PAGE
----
Atrial fibrillation is a very fast, uncontrolled heart rhythm that occurs when the upper chambers of the heart (the atria) try to beat so fast that they quiver rather than contract. This irregular heart rate causes poor blood flow to the body and symptoms of heart palpitations (a pounding or fluttering feeling in the chest), shortness of breath, dizziness and weakness.
Atrial fibrillation is the most common cardiac arrhythmia. More than 2 million Americans have atrial fibrillation. Most people with atrial fibrillation have an increased risk of developing blood clots that may lead to stroke.
- Irregular, rapid heartbeat
- Heart palpitations (a pounding, fluttering or racing sensation in the chest)
- Weakness and fatigue
- Shortness of breath
- Dizziness and lightheadedness
- Chest pain
- May be asymptomatic
Atrial fibrillation is often caused by changes (abnormalities or damage) to the heart’s structureas a result of:
- Obstructive sleep apnea
- High blood pressure
- Heart disease
- Heart attacks
- Abnormal heart valves
- An overactive thyroid or other metabolic imbalance
- Sick sinus syndrome - this occurs when the heart’s natural pacemaker stops functioning properly
- Increasing age
- Exposure to stimulants, such as medications, caffeine, tobacco or alcohol
- Previous heart or lung surgery
How it is Diagnosed:
To diagnosis atrial fibrillation, your doctor may do the following tests:
- Electrocardiogram (EKG) - Patches with wires (electrodes) are attached to your skin to measure electrical impulses given off by your heart. Impulses are recorded as waves displayed on a monitor or printed on paper.
- Holter monitor - This is a portable machine that records all of your heartbeats. You wear the monitor under your clothing. It records information about the electrical activity of your heart as you go about your normal activities for a day or two.
- Echocardiogram - Sound waves are used to produce a video image of your heart. The image also shows the motion pattern and structure of the four heart valves, revealing any potential leakage (regurgitation).
- Blood tests - These tests help rule out thyroid problems or blood chemistry abnormalities that may lead to atrial fibrillation.
The goals of treating atrial fibrillation are to reset the heart rhythm back to normal or control the heart rate and to prevent blood clots. The following treatment options may be used:
- Treat the underlying cause - if the underlying cause of atrial fibrillation is treatable, treatment of the problem usually converts the rhythm to normal.
- Antiarrhythmics - there are a variety of medications, called antiarrhythmics, which can be used to convert the heart rhythm back to normal.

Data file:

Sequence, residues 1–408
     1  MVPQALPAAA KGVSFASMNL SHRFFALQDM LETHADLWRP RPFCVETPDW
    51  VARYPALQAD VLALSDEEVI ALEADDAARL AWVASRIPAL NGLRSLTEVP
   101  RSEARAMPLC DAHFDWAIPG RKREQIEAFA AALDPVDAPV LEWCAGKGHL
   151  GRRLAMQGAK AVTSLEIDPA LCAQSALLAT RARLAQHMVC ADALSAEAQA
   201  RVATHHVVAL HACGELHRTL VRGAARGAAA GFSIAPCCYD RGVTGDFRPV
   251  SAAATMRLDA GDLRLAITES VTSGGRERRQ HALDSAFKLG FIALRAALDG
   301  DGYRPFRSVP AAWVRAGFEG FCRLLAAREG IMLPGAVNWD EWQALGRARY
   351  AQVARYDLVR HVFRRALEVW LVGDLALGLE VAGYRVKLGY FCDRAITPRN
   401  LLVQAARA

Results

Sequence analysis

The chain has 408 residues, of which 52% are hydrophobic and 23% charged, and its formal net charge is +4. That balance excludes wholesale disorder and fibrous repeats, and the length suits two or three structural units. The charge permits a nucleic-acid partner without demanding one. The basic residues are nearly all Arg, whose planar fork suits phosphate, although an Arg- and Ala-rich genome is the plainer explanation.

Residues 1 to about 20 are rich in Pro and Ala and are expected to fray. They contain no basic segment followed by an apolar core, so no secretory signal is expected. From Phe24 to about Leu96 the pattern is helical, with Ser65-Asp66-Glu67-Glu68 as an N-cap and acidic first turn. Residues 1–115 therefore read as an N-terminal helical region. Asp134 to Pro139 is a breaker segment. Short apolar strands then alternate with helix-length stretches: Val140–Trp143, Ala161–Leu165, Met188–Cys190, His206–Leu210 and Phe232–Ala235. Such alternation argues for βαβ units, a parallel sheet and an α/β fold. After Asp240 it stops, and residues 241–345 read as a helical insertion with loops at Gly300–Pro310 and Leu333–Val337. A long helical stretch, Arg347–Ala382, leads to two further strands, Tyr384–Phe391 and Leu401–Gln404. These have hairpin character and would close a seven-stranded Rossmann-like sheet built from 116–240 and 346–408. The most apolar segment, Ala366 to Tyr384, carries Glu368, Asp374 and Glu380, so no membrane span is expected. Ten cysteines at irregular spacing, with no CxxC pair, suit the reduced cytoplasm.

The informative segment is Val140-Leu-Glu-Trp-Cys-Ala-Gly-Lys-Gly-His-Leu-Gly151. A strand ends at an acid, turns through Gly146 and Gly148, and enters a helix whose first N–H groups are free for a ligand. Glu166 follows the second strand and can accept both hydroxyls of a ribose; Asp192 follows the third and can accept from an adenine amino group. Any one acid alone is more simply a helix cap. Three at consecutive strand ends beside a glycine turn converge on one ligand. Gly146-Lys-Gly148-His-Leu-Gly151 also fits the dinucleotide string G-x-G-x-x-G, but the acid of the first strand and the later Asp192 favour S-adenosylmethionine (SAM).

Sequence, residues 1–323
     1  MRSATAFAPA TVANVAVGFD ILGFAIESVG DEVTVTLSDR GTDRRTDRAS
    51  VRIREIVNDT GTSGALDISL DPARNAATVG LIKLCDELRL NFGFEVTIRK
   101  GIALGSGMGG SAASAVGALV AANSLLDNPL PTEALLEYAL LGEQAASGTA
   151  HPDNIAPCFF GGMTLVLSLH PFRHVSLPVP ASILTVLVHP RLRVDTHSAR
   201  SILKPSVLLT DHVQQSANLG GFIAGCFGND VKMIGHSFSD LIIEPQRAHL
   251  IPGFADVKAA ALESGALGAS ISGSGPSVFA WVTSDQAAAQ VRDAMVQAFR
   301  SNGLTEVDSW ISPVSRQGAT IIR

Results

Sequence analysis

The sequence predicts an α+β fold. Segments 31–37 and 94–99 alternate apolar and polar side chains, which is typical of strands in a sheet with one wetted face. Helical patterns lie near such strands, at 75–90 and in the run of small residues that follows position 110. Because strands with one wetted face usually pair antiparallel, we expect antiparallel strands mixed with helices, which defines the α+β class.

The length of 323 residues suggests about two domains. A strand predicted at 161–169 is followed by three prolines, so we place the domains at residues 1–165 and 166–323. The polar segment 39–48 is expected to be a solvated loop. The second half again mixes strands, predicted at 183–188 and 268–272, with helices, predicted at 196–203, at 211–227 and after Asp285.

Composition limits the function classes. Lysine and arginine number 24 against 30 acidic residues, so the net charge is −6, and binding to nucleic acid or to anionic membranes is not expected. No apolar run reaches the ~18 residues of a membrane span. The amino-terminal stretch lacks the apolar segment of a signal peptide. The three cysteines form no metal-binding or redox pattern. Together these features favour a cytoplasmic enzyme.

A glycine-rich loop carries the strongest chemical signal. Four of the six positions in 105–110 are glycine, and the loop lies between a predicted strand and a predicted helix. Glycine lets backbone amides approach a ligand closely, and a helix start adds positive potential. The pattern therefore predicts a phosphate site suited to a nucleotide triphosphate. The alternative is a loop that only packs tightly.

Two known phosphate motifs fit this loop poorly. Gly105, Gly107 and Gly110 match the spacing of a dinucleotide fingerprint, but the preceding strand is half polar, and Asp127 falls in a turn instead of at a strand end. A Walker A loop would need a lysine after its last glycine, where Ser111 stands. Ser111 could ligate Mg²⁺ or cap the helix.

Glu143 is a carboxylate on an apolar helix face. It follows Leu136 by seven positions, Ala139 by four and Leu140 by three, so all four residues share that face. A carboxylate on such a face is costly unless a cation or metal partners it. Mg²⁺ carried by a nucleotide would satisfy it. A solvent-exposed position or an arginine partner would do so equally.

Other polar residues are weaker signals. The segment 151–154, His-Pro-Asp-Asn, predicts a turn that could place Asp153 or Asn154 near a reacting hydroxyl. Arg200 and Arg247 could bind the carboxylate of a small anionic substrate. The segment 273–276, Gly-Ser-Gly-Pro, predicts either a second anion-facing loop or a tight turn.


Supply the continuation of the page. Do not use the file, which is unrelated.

- Medications that slow the heart rate - there are a variety of medications, including beta blockers, calcium channel blockers and digoxin that can be used to slow the heart rate.
- Electrical cardioversion - a brief electrical shock is delivered through the chest interrupting the heart’s electrical activity and allowing the heart to return its normal rhythm.
- Coumadin therapy - because there is serious risk of blood clots and stroke with atrial fibrillation, most patients require anticoagulation therapy to minimize this risk.
- Ablation - destroying (ablating) the tissues and pathways that are causing faulty signals.
- Permanent pacemaker - a pacemaker is a small electronic device that is implanted under the skin and programmed to generate and regulate the heartbeat. In patients with AF, a pacemaker may be used in conjunction with medication to help control the heart rate. In addition, in patients whose AF cannot be controlled with medications, the physician may perform a procedure to interrupt the electrical connection between the atrium and ventricles. This is called an AV node ablation. Afterward, the physician would implant a pacemaker to keep the heart from beating too slowly. The patient would still be in AF but not feel it.
What are the complications of atrial fibrillation?
- Stroke - The most common complication of atrial fibrillation is a stroke caused by a blood clot that travels to the brain. Because the heart’s pumping function isn’t working properly, the blood is not completely emptied from the heart’s chambers, causing it to pool and sometimes clot. Clots may then travel in the bloodstream to the brain, were they can block blood flow to a part of the brain and cause a stroke.
- Heart failure - Atrial fibrillation alone, especially if not controlled, may weaken the heart, leading to heart failure - a condition in which your heart can’t circulate enough blood to meet your body’s needs.